I went to PantheaCon this past weekend. PantheaCon is a real, honest to goodness gathering of all sorts of folks that identify in some way as Pagan. It's made up of vendors and presenters and ritualists and authors and seekers and party people and dabblers and long, long time practitioners.

There were many moments throughout the conference that just made me proud of being a Pagan and more than a few moments where I was in complete awe of our community at large. As I was writing this piece, I noticed that I tend not to write about other people in the Pagan community, but rather about my experiences as a Pagan. So this is a bit of a departure for me.

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Posted by on in Paths Blogs

So, last week I skipped my Pagan Experience post. Partly because I was in full production mode over at FiberWytch (still am, in fact), which tends to make me feel overwhelmed; as I still work at an outside job part time, and I have invisible illnesses, multitasking can be a challenge. I also have a tendency to become nonverbal when working full steam ahead on crafting projects. But if I’m going to be honest, a bigger reason I skipped it was that my reaction on reading the prompt was more or less “meh.” Because as a godspouse and spirit worker, I’m a spirit-centered pagan, not an earth-centered one. Or so I told myself.

Well then. A day or two later (while I was in the shower, as it happens), Odin set me straight on this notion. “Not earth-centered, is it? What about the Making? What about all of the plant oils and herbs you work with? Those plant spirits have a home, you know, and it isn’t out in the ether somewhere.”

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Big Ritual for Solitaries

The ancient Minoans had a lot of opportunities for what I like to call Big Ritual. The priesthood of the temples at Knossos, Phaistos, Malia and Zakro put on Mystery plays for the public, enacting stories from Minoan mythology at the solstice and equinoxes as well as at other festival dates. The cave shrines and peak sanctuaries were staffed by priestesses and priests who provided ceremonies for the public at the sacred times throughout the year. The more important inhabitants of the towns even had the prospect of attending large rituals within the temples themselves. But we modern folks don’t generally have access to that sort of event.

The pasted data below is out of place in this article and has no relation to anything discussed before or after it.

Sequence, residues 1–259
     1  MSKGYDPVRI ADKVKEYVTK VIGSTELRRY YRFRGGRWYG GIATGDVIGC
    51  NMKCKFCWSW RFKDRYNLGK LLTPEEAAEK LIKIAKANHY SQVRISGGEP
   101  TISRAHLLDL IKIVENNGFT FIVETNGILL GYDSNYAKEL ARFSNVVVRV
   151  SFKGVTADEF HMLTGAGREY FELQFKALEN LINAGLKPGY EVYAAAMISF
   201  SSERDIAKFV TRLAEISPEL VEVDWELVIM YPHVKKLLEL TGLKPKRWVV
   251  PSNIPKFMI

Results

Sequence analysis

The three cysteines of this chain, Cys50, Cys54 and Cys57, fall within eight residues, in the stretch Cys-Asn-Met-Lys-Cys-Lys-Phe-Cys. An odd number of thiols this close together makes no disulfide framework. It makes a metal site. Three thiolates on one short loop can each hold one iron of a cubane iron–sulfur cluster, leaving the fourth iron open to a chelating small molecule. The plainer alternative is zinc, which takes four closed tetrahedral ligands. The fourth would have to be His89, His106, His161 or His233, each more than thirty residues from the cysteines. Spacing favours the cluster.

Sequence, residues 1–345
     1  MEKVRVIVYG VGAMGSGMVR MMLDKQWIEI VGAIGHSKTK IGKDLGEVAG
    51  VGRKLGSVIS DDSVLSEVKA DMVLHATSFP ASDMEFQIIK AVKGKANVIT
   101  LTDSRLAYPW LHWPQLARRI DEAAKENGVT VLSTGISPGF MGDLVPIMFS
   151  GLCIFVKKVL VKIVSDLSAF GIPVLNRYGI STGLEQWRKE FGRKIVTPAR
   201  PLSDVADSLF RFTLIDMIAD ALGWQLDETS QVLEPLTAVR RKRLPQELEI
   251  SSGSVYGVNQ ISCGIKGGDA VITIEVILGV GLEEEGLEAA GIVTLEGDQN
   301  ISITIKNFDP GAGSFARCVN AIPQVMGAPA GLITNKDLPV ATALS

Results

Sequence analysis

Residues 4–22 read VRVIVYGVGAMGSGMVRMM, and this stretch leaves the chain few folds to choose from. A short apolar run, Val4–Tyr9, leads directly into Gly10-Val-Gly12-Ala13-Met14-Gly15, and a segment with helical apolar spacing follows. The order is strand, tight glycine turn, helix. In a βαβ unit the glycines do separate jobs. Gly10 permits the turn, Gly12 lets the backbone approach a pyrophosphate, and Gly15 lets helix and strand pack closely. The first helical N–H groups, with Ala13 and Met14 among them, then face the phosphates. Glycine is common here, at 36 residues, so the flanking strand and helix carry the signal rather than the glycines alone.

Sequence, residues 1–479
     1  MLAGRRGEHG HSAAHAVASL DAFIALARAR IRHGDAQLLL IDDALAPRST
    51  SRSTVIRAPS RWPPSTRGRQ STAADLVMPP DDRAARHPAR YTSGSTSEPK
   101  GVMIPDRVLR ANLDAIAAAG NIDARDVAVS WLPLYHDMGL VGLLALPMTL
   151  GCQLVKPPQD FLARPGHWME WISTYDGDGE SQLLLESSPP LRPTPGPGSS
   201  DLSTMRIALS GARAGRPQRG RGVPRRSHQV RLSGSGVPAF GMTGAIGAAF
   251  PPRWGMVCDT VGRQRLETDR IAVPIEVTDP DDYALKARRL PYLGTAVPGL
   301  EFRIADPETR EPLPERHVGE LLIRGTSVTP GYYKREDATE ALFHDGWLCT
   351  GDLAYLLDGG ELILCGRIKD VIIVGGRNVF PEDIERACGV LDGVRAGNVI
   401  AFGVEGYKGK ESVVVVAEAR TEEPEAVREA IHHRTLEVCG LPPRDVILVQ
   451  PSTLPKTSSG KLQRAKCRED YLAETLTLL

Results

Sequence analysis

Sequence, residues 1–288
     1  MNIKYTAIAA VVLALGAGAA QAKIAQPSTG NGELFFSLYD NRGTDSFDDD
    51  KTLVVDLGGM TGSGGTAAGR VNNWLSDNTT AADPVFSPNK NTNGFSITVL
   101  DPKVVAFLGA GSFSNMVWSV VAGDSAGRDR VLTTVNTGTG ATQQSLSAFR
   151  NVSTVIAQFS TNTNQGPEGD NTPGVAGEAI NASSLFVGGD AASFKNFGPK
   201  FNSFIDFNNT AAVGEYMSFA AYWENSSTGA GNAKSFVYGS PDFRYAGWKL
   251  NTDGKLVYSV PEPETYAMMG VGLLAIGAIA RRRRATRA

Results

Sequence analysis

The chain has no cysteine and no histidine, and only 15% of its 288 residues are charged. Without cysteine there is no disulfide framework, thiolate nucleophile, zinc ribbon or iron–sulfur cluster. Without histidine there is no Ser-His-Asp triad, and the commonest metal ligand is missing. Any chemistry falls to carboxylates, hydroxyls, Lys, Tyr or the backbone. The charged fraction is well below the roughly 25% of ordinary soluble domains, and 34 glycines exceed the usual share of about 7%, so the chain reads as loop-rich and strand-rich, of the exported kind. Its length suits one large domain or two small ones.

Sure, we have our altars and shrines at home, just as the Minoans and other ancient peoples did. But sitting in meditation with an altar is its own special kind of activity and doesn’t push the same buttons, if you see what I mean, as Big Ritual does.

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Genii Loci: Communal Spirits of Place

Having returned a few years ago to the general vicinity of my birth, I found myself more than ever considering regional cultus. There's something magical to the land touched by the Missouri River for me; it sings to me about it being my home and blood. I am the 5th generation of my family that has called this space home, and I marked the birth of the 6th generation with my daughter here as well. My husband jokingly refers to this as my spawning ground, but I sometimes wonder if there's truth to that.

I've set to trying to learn what I can classify as the Genii, an ambiguous term for the divine part of spirit in all things with souls. These may be Lares, heroes, natural spirits, or minor Gods; they may be Manes, the spirits of the Dead not quite elevated to the status of Lares yet. They may be somewhere in between, indefinable when not stretched under the pull of over-rationalization that I'm sometimes prone to.

This isn't always an easy task, but it's one I feel is important to undertake. So many times I fall to the trap of keeping my mind intellectually pinned into the space and time that the Roman Empire touched that I build solid walls that trap myself in. So I find myself asking regularly Who are our American Gods? Where do we find Them? And not simply the Spirits and Gods who were here before my European ancestors got here, but those we have created and transplanted as we've settled in this space.

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  • Anna Applegate
    Anna Applegate says #
    Wonderful article! I've had experiences both positive and negative working with the land spirits of places I've lived in (not my b
  • Camilla Laurentine
    Camilla Laurentine says #
    I agree most emphatically that not all spirits wish to have anything to do with humans. There are places we really simply don't b
  • Anna Applegate
    Anna Applegate says #
    That's so cool that you used to live by the Marshall Field's building--you have no idea how much I miss shopping there! (Macy's ca